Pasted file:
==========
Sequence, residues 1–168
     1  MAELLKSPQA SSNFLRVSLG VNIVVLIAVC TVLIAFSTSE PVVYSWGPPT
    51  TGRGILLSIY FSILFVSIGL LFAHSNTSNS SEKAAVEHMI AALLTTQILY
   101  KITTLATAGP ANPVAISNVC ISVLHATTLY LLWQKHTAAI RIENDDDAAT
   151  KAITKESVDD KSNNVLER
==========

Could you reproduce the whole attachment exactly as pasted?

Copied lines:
Sequence, residues 1–168
     1  MAELLKSPQA SSNFLRVSLG VNIVVLIAVC TVLIAFSTSE PVVYSWGPPT
    51  TGRGILLSIY FSILFVSIGL LFAHSNTSNS SEKAAVEHMI AALLTTQILY
   101  KITTLATAGP ANPVAISNVC ISVLHATTLY LLWQKHTAAI RIENDDDAAT
   151  KAITKESVDD KSNNVLER